With no sign of a deal between the House and Senate on a continuing resolution (CR) to keep the government funded beyond Monday—the Senate passed a CR Friday that did not contain the controversial provisions of the House version—NASA and other federal agencies are laying out their plans should a government shutdown go into effect on Tuesday. On Friday, NASA published a memo from agency chief financial officer Beth Robinson describing what operations NASA would continue, and what personnel would stay on the job, should a shutdown go into effect October 1.
The short answer on the second question: not many. NASA said that 367 full time equivalent (FTE) personnel, out of a total workforce of 18,250, would remain working across the entire agency should there be a lapse in appropriations. The Johnson Space Center would keep 144 FTEs on the job, the most of any center; the Kennedy Space Center, by comparison, would have only 7 FTEs exempt from the shutdown, and the Stennis Space Center would keep only 4 FTEs.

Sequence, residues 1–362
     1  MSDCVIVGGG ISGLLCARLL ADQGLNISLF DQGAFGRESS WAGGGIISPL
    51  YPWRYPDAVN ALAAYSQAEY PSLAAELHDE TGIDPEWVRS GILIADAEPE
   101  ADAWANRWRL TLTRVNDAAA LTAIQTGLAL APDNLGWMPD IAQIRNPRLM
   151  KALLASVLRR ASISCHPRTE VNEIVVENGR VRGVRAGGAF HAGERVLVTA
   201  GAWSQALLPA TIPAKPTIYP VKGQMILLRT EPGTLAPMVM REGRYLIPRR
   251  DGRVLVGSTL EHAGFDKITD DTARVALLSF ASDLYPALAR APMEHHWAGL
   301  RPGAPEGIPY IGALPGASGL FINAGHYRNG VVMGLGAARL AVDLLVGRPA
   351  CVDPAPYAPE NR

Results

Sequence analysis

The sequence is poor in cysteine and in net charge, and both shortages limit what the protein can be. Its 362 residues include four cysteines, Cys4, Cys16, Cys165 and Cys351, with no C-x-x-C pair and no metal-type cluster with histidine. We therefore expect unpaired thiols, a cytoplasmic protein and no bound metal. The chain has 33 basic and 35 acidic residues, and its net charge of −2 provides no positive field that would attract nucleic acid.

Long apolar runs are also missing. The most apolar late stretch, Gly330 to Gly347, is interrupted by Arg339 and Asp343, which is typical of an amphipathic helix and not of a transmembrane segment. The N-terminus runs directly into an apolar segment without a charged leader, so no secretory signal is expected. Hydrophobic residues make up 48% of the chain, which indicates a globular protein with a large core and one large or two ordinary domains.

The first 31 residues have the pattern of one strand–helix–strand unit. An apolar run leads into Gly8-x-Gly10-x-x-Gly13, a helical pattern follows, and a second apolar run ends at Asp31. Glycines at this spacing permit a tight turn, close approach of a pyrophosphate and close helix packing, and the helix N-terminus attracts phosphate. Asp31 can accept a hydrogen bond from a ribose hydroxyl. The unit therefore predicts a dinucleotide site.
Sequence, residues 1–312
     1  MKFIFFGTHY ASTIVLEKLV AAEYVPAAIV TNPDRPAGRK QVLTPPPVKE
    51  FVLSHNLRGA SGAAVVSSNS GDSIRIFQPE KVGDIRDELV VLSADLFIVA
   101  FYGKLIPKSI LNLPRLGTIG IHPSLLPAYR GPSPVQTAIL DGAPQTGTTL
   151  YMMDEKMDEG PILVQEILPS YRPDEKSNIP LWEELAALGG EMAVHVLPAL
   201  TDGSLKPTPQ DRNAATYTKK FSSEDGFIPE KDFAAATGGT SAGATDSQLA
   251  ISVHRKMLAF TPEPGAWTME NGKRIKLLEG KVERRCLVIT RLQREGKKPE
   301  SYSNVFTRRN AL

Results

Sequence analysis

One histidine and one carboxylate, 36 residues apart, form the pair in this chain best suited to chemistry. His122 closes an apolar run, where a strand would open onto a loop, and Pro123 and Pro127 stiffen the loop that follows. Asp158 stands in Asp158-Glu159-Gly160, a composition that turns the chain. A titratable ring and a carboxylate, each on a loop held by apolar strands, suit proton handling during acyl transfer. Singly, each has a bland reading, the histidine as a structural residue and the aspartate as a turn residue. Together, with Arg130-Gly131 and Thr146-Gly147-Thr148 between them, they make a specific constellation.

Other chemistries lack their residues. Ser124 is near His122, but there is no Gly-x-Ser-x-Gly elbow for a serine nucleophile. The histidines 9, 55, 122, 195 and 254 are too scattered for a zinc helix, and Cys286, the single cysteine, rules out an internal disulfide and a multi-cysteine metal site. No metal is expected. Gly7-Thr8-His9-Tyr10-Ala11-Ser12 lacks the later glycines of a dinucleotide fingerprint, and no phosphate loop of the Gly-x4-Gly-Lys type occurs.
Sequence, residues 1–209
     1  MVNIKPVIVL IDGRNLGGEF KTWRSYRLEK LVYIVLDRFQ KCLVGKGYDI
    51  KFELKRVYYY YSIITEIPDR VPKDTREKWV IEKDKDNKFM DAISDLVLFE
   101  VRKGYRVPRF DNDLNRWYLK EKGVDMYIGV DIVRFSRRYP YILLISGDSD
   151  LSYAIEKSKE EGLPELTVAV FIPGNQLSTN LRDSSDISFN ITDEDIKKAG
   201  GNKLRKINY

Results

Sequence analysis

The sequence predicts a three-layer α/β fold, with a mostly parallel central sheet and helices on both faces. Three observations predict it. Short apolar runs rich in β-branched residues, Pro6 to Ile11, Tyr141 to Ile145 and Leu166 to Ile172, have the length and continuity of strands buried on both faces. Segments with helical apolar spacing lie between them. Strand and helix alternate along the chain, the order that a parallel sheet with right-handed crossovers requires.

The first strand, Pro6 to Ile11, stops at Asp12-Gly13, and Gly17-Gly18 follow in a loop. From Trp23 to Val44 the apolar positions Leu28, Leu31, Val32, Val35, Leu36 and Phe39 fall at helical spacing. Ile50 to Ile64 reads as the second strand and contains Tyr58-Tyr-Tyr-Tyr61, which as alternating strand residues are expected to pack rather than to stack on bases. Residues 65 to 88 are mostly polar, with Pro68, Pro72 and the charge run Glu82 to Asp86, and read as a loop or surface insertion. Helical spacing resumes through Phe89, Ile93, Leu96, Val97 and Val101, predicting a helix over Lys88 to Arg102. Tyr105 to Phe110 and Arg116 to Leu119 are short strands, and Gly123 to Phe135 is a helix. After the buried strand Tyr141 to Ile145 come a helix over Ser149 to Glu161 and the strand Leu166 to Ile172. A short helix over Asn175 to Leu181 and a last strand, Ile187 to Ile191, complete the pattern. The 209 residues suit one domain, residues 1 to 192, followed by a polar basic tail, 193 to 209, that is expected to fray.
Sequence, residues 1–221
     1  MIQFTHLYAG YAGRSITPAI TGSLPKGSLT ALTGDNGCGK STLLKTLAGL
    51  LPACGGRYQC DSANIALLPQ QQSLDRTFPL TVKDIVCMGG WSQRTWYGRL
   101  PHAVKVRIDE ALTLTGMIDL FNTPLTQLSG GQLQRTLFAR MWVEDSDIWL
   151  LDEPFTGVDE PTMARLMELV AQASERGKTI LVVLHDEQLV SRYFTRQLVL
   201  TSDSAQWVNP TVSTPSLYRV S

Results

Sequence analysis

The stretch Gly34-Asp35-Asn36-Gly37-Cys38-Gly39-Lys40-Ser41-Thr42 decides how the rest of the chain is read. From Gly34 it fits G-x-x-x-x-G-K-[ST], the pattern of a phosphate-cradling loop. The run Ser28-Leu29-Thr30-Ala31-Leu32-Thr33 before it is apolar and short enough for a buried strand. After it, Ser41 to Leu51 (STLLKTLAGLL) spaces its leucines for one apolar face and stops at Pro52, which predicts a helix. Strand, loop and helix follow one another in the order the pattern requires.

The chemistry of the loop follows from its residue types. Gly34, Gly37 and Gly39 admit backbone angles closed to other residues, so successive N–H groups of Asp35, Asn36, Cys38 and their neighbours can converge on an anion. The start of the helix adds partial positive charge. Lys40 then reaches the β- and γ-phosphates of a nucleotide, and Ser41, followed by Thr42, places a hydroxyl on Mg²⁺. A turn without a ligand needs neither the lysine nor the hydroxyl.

The memo identifies those activities that are exempt from the shutdown and thus would retain those employees. Those include space launch hardware processing activities; tracking, operation, and support of the International Space Station and other NASA satellites; and “completion of phase-down” of ongoing research activities in those cases where “serious damage to property” would take place if there was an interruption in work. Activities specifically mentioned in the memo that are not exempt from the shutdown include education and public outreach activities, such as NASA TV and the NASA.gov web site: “citizens will not have televised access to NASA operations and programming or access to the NASA website.”
NASA has also published a list of frequently asked questions about operations in the event of a government shutdown.